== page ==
RAPE growers may be more shocked by whats heading off the 2001 List, than by whats being put on. Firm favourite Apex goes to the outclassed section – something of a cold shower for a variety which still takes about half the acreage.
"The committee felt it was their duty to signal Apexs lower performance and poor disease resistance to the industry," says NIABs Simon Kightley. Certainly theres a host of excellent new varieties on this years List, hybrid and conventional.
Two new conventional rapes are provisionally recommended for the whole UK: Recital (Novartis Seeds) jumps into a strong lead on conventional output, ahead of current hybrids, and shows excellent disease resistance including an 8 for phoma stem canker, which has become the scourge of southern crops.
Recital is a weaker stemmed type; for those who prefer a shorter, stiffer and more manageable plant model, then Canberra (Monsanto) looks the ticket. Output matches Escort, and disease profile is good. Canberra is slightly earlier maturing than Recital.
Choice within the hybrid sector expands with five new varieties, including yet another new type: the top cross hybrid, in the shape of Spirit (Novartis Seeds). Like three-way crosses, this hybrid segregates in the field into sterile and pollen producing plants. Spirit is recommended for the north, where it does best. Its a tall stiff type, with similar maturity to Synergy. Stem canker is a weakness but in the north this isnt an issue.
Fully restored hybrid Royal (Novartis Seeds) brings the yield advantage firmly back to the hybrid sector, with a big jump in output (8% ahead of market leader Pronto). Early maturity and good standing power are benefits; disease resistance could be better but Royal has done well in untreated trials.
Just a little behind on output, new restored hybrid Disco (Saaten Union) is ahead on disease resistance. Its a high oil, low glucosinolate type: "Just what the crushers want to see," says Mr Kightley.
Two "super" varietal associations, where the pollinator and male-sterile partners are both hybrids, enter the List. They are both from CPB Twyford. Provisionally recommended in the north and central regions where output is best, Complex is exceptionally stiff, but tall with good disease resistance. Agenda is more of Gemini type, but shorter. It has robust disease resistance and wins provisional recommendation UK-wide.
A decision on Shannon was deferred for more information on regional performance. Other changes to the List are: Contact joins Apex as outclassed; Boston, Lightning and Gazelle are removed; Gemini, Escort and Herald are promoted to full recommendation with Herald for the north; Lipton and Cohort move to regional recommendations in the north-central and central-south respectively.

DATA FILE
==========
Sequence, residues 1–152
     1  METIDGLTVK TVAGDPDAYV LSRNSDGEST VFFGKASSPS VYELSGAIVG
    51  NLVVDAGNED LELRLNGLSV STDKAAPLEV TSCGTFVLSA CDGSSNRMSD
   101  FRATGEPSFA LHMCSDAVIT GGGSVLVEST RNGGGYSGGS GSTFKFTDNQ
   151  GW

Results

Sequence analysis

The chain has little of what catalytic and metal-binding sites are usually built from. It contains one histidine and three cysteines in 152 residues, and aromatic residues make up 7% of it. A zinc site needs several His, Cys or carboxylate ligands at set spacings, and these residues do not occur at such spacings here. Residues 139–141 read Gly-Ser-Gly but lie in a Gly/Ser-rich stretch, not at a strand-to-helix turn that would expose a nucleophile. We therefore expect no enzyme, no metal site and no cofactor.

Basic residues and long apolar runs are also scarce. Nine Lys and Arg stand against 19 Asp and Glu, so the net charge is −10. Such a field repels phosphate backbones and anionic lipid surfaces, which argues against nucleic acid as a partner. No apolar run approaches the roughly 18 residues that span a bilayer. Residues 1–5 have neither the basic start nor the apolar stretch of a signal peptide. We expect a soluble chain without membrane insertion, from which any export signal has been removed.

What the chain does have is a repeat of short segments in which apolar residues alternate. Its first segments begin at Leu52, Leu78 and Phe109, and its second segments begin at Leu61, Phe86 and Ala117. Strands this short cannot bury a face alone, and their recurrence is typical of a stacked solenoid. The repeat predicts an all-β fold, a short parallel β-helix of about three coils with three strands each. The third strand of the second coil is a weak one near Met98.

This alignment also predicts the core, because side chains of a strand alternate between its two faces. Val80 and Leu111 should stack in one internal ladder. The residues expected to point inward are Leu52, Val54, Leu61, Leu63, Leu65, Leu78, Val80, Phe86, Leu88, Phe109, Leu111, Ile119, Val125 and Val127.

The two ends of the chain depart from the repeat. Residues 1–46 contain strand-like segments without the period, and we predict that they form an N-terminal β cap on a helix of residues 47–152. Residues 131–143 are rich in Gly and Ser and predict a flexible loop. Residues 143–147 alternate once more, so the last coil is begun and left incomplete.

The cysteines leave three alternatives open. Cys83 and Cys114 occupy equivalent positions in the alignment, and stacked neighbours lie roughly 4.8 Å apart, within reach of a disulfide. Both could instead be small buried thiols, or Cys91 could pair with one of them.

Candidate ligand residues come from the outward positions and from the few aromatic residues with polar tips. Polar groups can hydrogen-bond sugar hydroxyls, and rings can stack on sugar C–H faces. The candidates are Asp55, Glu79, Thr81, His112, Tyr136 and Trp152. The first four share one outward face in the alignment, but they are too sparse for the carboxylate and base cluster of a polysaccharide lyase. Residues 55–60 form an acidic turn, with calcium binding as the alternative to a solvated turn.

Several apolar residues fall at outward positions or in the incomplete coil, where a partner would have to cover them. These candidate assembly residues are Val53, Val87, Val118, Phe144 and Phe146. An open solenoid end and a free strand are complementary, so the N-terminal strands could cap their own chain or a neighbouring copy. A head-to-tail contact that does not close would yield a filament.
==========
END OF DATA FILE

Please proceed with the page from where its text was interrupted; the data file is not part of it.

Newly recommended cereal varieties for 2001
Biscay 104 CPB Twyford
Hard feed with export potential thanks to good hagberg and specific weight. Weakish straw, yellow rust control required
Deben 106 Nickerson UK
Soft wheat, higher yielding sister to Claire but for niche milling outlets rather than biscuits. Tall and weaker strawed, excellent untreated yield. Doesnt share Claires eyespot resistance
Option 103 PBIC Seeds
Higher yielding, Group 2 Rialto replacement with more reliable hagberg and seemingly no ergot problems. Mildew management needed, but good against yellow rust
Tanker 107 Elsoms Seeds
Powerful yield performance from this short, stiff hard feed; good septoria programme a must, but yellow rust is not a threat
Ashby 105(s) 106 (a) CPB Twyford
Included on both the conventional spring list and the new autumn-sown list. Good grain quality; some breadmaking indicated
Morph 105 (a) Nickerson UK
Unusual for a spring type in that it is short and stiff. Included on the autumn-sown list; promising breadmaking rating; weak against septoria and lowish specific weight and protein
Wallace 107 (a) PBIC Seeds
Included on autumn-sown list where it has highest yield; good disease resistance and some breadmaking potential but low protein
Avenue 103 Advanta Seeds
BaYMV resistant feed, bold grains, better against mildew than Antonia; tall
Haka 104 CPB Twyford
Huge grained, early maturing feed barley with excellent disease resistance
Leonie 100 Advanta Seeds
Top malting quality plus virus resistance from this German-bred barley earns it a special use recommendation. Short, stiff straw and low 1000 grain weight
Opal 103 Nickerson UK
A Pearl type malting barley but with earlier maturity, short, stiff straw and better untreated yield
Sumo 105 New Farm Crops
Powerful yield performance from this two row feed. Latish maturity; moderate disease profile
Cellar 103 New Farm Crops
Top malting potential and high yield. Reasonable standing power and moderately early maturity
County 105 New Farm Crops
High treated and untreated yield. Later maturing. Some malting quality but in reality should be compared against feed barleys
Pewter 103 New Farm Crops
Outstanding disease resistance including rhyncho but not brown rust. Short straw. Some malting quality